I would not "freak out" if the entire market had dropped 2.78%. What surprised me was that the market showed a roughly 1% drop while my investment showed a 2.78% drop. As I indicated in my first post, I am relatively new to this but... I have never seen my investment drop more than the market dropped and I was concerned "freaking out" about the discrepancy.

Considering the current political and economic environment, stability doesn't seem likely until we can buy CD's at 8% like they could 20 years ago.

Thanks - Mike
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Re: Why such a big drop in Vanguard Target funds

Postby zaboomafoozarg » Sat Dec 29, 2012 1:35 am

We need a sticky post:

"**** THE LIKELY REASON THAT YOUR FUND DROPPED X% WHERE X IS LARGE ****"
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Re: Why such a big drop in Vanguard Target funds

Postby zaboomafoozarg » Sat Dec 29, 2012 1:36 am

parsi1 wrote:The distribution is suppose to be dividend, dividends are not suppose to bring the net asset down. If the net asset remain the same after the distribution, what happened to the dividend


wat

no
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Re: Why such a big drop in Vanguard Target funds

Postby umfundi » Sat Dec 29, 2012 3:31 am

zaboomafoozarg wrote:We need a sticky post:

"**** THE LIKELY REASON THAT YOUR FUND DROPPED X% WHERE X IS LARGE ****"


Where you think X is large. (It's not.) And, it's the last ten days of December.

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Avoid the dividend

Postby Taylor Larimore » Sat Dec 29, 2012 6:41 am

Bacchus01 wrote:So, if you are newly investing in these funds, buying on the 28th was good? or bad?


If you bought a fund in a taxable account on the 28th (after the dividend)--it was good. This is because you avoided paying tax on the dividend.

A good general rule for buying and/or selling in taxable accounts: Avoid the dividend.

I learned this rule in the 70s from Sheldon Jacobs, author of the first book about no-load mutual funds.

Happy Holidays!
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Re: Why such a big drop in Vanguard Target funds

Postby mhc » Sat Dec 29, 2012 11:26 am

OP,

google Dividend Discount Model. It may provide some insight into the importance of dividends.
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Re: Why such a big drop in Vanguard Target funds

Postby parsi1 » Sat Dec 29, 2012 12:14 pm

Thanks for all the help and replies.
My understating/(or misunderstand) was that I always thought dividend is like interest on you investment. I didn't think that dividend reduced the company or mutual funds net asset so the stock should drop for the same amount. thanks for clearing that.
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Re: Why such a big drop in Vanguard Target funds

Postby livesoft » Sat Dec 29, 2012 12:21 pm

That's still not quite the way I understand it. The dividends are embedded in the NAV or fund share price all along.

For example, suppose that on December 3rd a stock held by your fund paid a dividend which made your fund shares 1 cent more valuable. In that case the fund managers just increased the NAV or share price of your fund by 1 cent. That is, the dividend from the stock is like interest on an investment.

Because of the law, at year-end the fund has to account for all the dividends and net capital gains it has generated and report them to the folks who own the shares. That's what these distribution events in December are about. So the managers take out the value of the distribution and give it back to you. It is like me having a $10 bill in my pocket and getting it changed in to 10 $1 bills. The fund manager says here's $9 plus $1 of dividends. It's still $10 to me.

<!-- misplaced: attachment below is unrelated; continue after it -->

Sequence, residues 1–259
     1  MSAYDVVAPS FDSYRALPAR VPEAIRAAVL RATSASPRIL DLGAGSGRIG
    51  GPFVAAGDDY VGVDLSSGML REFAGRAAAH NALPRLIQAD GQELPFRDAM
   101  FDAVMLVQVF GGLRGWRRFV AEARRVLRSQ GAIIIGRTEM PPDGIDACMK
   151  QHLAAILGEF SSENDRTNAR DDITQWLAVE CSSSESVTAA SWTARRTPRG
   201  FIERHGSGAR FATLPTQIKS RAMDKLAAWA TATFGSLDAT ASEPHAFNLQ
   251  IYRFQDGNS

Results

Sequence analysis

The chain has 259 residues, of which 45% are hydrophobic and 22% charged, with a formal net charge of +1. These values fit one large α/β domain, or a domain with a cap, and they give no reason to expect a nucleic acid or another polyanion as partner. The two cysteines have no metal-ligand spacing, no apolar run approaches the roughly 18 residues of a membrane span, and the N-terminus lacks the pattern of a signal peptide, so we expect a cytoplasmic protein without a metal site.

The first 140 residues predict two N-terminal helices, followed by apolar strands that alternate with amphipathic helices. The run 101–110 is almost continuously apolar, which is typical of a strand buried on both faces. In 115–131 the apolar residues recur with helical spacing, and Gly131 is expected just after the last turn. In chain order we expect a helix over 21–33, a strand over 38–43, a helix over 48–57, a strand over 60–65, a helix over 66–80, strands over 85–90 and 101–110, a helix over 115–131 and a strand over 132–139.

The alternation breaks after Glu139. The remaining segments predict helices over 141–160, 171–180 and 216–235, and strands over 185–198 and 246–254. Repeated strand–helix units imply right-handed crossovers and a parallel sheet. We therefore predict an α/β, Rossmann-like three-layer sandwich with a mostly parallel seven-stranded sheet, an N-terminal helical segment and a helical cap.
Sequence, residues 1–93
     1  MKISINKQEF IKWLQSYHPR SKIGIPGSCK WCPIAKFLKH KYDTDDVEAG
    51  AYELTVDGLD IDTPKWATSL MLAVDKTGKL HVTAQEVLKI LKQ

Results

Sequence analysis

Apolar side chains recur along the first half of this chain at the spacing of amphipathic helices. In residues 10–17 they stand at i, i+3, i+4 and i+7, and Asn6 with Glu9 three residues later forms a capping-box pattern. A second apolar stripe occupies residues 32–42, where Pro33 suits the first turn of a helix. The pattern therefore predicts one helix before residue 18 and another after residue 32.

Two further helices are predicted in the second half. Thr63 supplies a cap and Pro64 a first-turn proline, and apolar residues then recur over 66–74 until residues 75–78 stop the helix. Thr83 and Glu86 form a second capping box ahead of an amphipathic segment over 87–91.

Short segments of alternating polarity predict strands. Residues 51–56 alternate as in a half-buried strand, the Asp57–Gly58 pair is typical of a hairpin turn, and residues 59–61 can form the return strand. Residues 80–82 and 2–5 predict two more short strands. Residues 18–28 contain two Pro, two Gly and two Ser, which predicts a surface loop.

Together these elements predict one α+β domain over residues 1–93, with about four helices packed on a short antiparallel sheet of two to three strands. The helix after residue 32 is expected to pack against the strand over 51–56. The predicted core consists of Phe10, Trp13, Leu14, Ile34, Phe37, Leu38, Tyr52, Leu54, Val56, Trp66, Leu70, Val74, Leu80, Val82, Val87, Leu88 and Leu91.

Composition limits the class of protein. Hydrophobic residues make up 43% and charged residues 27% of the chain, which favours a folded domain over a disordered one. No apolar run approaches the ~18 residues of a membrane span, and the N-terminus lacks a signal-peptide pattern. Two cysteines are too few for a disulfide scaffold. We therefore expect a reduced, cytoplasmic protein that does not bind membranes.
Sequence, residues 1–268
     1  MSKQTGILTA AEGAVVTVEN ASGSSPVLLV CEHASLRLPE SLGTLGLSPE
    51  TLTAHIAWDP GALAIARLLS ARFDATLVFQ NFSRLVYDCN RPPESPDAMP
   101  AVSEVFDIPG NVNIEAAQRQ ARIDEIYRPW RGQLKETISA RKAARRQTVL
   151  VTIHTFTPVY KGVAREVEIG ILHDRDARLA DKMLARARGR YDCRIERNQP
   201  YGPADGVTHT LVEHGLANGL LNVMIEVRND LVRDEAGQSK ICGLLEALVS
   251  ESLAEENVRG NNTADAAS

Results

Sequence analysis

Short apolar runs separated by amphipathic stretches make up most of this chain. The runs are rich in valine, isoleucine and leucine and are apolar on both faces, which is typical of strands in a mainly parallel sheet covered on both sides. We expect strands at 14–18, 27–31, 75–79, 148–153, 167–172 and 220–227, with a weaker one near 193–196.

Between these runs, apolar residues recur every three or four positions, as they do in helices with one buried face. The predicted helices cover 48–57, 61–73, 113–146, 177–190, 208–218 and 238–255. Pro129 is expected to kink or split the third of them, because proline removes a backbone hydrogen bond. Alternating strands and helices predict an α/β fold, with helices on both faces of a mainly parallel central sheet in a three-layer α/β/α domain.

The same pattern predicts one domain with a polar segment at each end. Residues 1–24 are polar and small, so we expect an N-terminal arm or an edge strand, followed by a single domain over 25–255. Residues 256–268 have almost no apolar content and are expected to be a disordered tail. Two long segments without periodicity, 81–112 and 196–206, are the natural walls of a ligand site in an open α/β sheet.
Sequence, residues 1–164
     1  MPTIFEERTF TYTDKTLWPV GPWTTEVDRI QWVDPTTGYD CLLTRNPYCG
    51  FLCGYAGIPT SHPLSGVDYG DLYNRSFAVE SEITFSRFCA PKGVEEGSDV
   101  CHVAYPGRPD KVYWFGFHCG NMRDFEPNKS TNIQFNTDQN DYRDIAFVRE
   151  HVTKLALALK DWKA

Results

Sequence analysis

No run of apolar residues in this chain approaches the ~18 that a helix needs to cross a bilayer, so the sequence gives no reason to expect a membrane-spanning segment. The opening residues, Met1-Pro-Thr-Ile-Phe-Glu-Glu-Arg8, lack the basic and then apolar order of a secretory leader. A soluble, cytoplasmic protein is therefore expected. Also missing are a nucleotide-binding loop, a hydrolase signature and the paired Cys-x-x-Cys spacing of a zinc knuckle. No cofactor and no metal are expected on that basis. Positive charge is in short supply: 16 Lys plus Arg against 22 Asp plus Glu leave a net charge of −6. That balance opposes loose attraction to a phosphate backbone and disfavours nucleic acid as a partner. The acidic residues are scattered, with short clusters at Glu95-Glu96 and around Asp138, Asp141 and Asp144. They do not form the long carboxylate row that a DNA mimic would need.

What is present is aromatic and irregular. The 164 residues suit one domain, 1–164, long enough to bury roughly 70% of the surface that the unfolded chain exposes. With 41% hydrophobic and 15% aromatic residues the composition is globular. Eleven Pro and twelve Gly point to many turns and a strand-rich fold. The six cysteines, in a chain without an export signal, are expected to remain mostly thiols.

It's all about short-term opportunistic rebalancing due to a short-term change in one's asset allocation, uh, I mean opportunistic rebalancing, uh I mean rebalancing, uh I mean market timing.
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Re: Why such a big drop in Vanguard Target funds

Postby sscritic » Sat Dec 29, 2012 12:29 pm

parsi1 wrote:Thanks for all the help and replies.
My understating/(or misunderstand) was that I always thought dividend is like interest on you investment. I didn't think that dividend reduced the company or mutual funds net asset so the stock should drop for the same amount. thanks for clearing that.

I have $10 in my pocket. I give you $4. How much is left in my pocket? The NAV of my pocket dropped from $10 to $6 when I gave you the $4. A fund is just like my pocket. If it pays something out, it doesn't have it anymore.

Now if I take $4 from the $10 in my left pocket and put it in my right pocket, then the NAV of my left pocket is down to $6, but I still have $10, somewhere.
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Re: Why such a big drop in Vanguard Target funds

Postby bowlja » Sat Dec 29, 2012 1:56 pm

I am new to Vanguard and have also invested in Target Retirement funds.

If you look at your online account today you will see that your dividend money is back and has been reinvested to buy more Target Retirement funds at a lower rate. This is good for you.

So... what I think happens is... let's say you have 100K in Target retirement funds.

$100,000.00 over 100,000 shares so NAV is $1.00 a share.

Dividends of $5000.00 are paid so NAV is now $95,000.00 over 100,000 shares so NAV drops to 95,000 / 100,000 or $.95 cents a share instead of $1.00 a share.

Now they take your $5,000.00 and buy shares at the reduced rate of $.95 cents a share which will get you 5263 new shares.

You now have 105263 shares at .95 cents a share = $100,000.00 which is the same $ amount you had before except now you own 5263 more shares than you did before so any gains will be compounded by the new shares. That is good for you.

As I said, I am new to this and hope my explanation is correct.

Hope this helps. Check out your account online and you will see that you have more share. Of course the overall value will be a bit lower because the market did drop on friday.